String.subSequence and CR#6924259: Remove offset and count fields from java.lang.String

Mike Duigou mike.duigou at
Fri Jun 22 22:15:40 UTC 2012

I've made a test implementation of subSequence() utilizing an inner class with offset and count fields to try to understand all the parts that would be impacted. My observations thus far:

- The specification of the subSequence() method is currently too specific. It says that the result is a subString(). This would no longer be true. Hopefully nobody assumed that this meant they could cast the result to String. I know, why would you if you can just call subString() instead? I've learned to assume that somebody somewhere does always does the most unexpected thing.
- The CharSequences returned by subSequence would follow only the general CharSequence rules for equals()/hashCode(). Any current usages of the result of subSequence for equals() or hashing, even though it's not advised, would break. We could add equals() and hashCode() implementations to the CharSequence returned but they would probably be expensive.
- In general I wonder if parsers will be satisfied with a CharSequence that only implements identity equals().
- I also worry about applications that currently do use subSequence currently and which will fail when the result is not a String instance as String.equals() will return false for all CharSequences that aren't Strings. ie. CharSequence token = line.subSequence(line, start, end); if (keyword.equals(token)) ... This would now fail.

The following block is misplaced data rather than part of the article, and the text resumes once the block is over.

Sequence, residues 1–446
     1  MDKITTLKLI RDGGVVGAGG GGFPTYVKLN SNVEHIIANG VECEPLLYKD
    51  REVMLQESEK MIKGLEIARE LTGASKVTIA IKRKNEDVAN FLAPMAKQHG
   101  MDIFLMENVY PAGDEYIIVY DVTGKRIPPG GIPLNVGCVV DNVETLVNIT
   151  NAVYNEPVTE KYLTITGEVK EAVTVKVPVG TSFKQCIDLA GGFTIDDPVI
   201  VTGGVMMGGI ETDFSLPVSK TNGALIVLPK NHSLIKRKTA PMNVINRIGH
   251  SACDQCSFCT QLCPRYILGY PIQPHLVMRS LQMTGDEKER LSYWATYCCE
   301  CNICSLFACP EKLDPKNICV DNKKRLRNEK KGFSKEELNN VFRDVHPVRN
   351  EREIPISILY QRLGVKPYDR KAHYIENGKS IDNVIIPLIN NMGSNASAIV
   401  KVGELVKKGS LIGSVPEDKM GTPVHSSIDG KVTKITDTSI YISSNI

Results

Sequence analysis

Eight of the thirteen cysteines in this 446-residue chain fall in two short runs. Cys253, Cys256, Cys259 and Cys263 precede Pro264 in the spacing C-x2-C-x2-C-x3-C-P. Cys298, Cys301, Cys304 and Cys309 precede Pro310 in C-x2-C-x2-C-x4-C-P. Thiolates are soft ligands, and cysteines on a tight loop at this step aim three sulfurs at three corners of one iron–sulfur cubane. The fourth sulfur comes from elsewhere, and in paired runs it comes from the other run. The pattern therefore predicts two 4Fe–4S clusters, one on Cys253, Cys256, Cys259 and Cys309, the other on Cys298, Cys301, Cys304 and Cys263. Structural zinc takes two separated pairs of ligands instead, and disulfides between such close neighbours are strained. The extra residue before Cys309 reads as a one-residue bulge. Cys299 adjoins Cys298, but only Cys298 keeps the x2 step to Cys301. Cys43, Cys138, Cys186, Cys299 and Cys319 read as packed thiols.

At this point I wonder if this is a feature worth pursuing.


On Jun 3 2012, at 13:44 , Peter Levart wrote:

> On Thursday, May 31, 2012 03:22:35 AM mike.duigou at wrote:
>> Changeset: 2c773daa825d
>> Author:    mduigou
>> Date:      2012-05-17 10:06 -0700
>> URL:
>> 6924259: Remove offset and count fields from java.lang.String
>> Summary: Removes the use of shared character array buffers by String along
>> with the two fields needed to support the use of shared buffers.
> Wow, that's quite a change.
> So .substring() is not O(1) any more?
> Doesn't this have impact on the performance of parsers and such that rely on 
> the performance caracteristics of the .substring() ?
> Have you considered then implementing .subSequence() not in terms of just 
> delegating to .substring() but returning a special CharSequence view over the 
> chars of the sub-sequence?

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